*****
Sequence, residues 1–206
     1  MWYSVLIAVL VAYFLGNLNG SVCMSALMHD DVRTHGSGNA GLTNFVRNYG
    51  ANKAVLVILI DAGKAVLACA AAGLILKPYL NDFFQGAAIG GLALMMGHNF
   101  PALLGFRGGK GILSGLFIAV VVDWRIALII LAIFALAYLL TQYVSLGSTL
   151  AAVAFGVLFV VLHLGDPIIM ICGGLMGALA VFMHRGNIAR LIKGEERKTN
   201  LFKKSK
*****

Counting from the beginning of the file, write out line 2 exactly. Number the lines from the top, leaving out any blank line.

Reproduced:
     1  MWYSVLIAVL VAYFLGNLNG SVCMSALMHD DVRTHGSGNA GLTNFVRNYG